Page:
Annie Leibovitz on Photography: "You Cannot Underestimate the Power of the Sitter"
"I didn't think any one else liked it but me," Annie Leibovitz told a group of snapping cameras and scratching pens yesterday about her photograph of artist Agnes Martin. Taken in Taos, it shows the woman simply sitting on her bed, facing forward, back straight. But as the photographer explained the context of the shoot, the room we were peeking into became filled with a different kind of life.
"'I sit here and wait to be inspired'" Martin, who she described as a "fragile child," told Leibovitz, "I guess it's a very personal picture for me, because I think we all hope for that. We're all waiting to be inspired." She was happy curator Charles Stainback chose to include the photo in the exhibition of her work being shown at the Norton Museum of Art in West Palm Beach.
Stainback explained his decision, "For me, it was important to include as many visual artists in my selection because it's an art museum." But the show also displays images from throughout Leibovitz's career, including those of LIl' Kim, Cindy Sherman, Ruth Bader Ginsburg, John Irving, even R2-D2.
Stainback started working on the exhibition a year and a half ago. "The sort of easy way out would be to pick all the famous pictures, and you're done," he said. "That sort of approach didn't interest me, and I really wanted to dig into her archive and sort of see other things. And she was very, very good about allowing me to do that."
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On why he chose the musicians displayed over the others in her catalogue, he admitted, "Like any person, I respond to a picture because of the person in it. I love the Rolling Stones. I love Lucinda Williams, I really love Lucinda Williams. I had to pick that picture. It was too good, too great. You have personal biases, and the great thing about my job is I get to make the decisions."
Leibovitz seemed pleased with those decisions, answering questions, and telling animated stories. "You cannot underestimate the power of the sitter." She continued on the Agnes Martin shot, "It's sort of like looking at that picture of John and Yoko after the picture of them intwined. After John Lennon was killed... The viewer can't help but project all the information in their head into that picture."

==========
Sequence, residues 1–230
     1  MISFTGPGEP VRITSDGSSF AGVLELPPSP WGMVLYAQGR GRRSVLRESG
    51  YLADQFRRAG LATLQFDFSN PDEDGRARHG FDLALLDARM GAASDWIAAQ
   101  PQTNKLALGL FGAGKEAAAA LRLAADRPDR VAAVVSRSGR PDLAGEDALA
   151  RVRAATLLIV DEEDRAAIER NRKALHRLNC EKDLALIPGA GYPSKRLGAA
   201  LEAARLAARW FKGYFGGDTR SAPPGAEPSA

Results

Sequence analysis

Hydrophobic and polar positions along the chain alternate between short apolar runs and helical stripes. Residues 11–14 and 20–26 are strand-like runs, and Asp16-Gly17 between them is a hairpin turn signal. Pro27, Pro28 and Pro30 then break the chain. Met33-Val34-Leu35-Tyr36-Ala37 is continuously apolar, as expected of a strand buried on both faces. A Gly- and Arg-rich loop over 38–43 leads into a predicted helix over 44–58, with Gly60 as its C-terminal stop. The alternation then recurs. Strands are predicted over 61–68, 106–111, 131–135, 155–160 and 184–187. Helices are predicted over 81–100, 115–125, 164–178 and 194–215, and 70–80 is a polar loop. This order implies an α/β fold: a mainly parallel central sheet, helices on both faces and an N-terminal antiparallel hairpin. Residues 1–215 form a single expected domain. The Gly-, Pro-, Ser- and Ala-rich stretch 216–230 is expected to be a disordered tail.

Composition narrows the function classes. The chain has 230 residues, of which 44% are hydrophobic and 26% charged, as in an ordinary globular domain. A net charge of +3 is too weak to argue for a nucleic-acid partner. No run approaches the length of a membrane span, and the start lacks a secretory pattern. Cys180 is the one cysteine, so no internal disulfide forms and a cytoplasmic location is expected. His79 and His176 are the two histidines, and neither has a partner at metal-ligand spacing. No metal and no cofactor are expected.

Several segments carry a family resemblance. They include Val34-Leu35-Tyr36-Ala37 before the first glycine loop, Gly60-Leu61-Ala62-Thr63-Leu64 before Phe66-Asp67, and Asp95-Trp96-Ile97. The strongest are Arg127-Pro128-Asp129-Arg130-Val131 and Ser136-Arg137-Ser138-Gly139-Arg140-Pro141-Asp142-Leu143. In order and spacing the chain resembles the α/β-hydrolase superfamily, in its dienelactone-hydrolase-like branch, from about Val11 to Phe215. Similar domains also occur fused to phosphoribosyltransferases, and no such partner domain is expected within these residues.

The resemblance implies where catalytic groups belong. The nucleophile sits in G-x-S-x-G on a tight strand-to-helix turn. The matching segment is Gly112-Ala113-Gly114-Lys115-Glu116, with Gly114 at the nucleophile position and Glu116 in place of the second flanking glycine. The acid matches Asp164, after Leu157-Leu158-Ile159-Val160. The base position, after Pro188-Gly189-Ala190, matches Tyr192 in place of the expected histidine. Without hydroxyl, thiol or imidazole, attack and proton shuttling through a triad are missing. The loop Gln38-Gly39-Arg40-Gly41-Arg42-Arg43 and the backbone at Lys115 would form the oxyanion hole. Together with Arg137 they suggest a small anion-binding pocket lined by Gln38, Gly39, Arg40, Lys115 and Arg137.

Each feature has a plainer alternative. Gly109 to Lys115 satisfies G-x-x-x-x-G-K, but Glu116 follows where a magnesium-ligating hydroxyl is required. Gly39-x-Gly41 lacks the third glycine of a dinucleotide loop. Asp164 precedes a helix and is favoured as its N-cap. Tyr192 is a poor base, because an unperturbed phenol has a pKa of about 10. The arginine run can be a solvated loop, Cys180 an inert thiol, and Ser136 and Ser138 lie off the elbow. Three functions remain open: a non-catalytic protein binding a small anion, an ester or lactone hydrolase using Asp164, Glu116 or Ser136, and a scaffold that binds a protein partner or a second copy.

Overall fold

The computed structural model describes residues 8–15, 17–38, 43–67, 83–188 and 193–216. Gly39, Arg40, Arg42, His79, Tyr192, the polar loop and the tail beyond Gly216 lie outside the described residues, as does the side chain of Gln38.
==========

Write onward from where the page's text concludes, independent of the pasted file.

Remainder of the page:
But it's not all movie stars or rock gods who model before her lens. "There's a picture of the Bush administration. When the Bush people look at it, they think it looks fantastic. When then people who don't like Bush look at it, they're like 'that's really great'," she mocked in a sarcastic voice. Later, she admitted that the Bushes, politicians that they are, worked their charm on her on the shoot.
"It's interesting to me to find that ground where it works in many ways."
And her process for making that happen interested the media who were blurting out questions. "I never make anyone do anything." Leibovitz said in regard to a photograph of Leonardo DiCaprio with a swan encircling his neck. "In the early days of Rolling Stone. Rod Stewart showing up and saying 'well, what do you want me to do?' It came from people asking for direction, and I actually prefer that. It's definitely a balance between letting things unfold and having to direct. I'm a reluctant director. I like to take from real life." She generally throws out three or four ideas and they work together to create one image that is "interesting, intriguing and tells the story."
She added, "I'd like to say I could take all the credit for this stuff, but not really."
For last night's Art After Dark event marking the opening of the exhibition, a Norton employee compiled a mix tape of the artists whose photos were on display.
As Leibovitz snapped her own shots of a group of photogs clicking away at her in the courtyard, she told us who she listens to these days. "It's really embarrassing. On Pandora, I put Peter, Paul and Mary and Linda Ronstadt on. When I'm in the car, I put on the Bruce Springsteen Sirius station. I love his concerts. I find it very uplifting as I'm driving down the road." Then justifying her original admission, "I know it's terrible. I put on Peter, Paul and Mary, I think, because I'm in the house with the kids and they have such a 'the answer my friends is blowing in the wind.'"
Finally, I got to ask about one of my favorite photos up of David Byrne. She said, "He was working on that film True Stories, and his wife made that suit for him. It was a cover try. It never was a cover but it was a wonderful portrait. It was great, very silly." A little silly, maybe, but definitely beautiful.
She's planning on expanding on the idea she had in her head when shooting Martin, and will be working on a project photographing artists in their studios.
Annie Leibovitz, the show, is up through June 9 at the Norton Museum of Art, 1451 South Olive Drive, West Palm Beach. Visit norton.org for museum hours.
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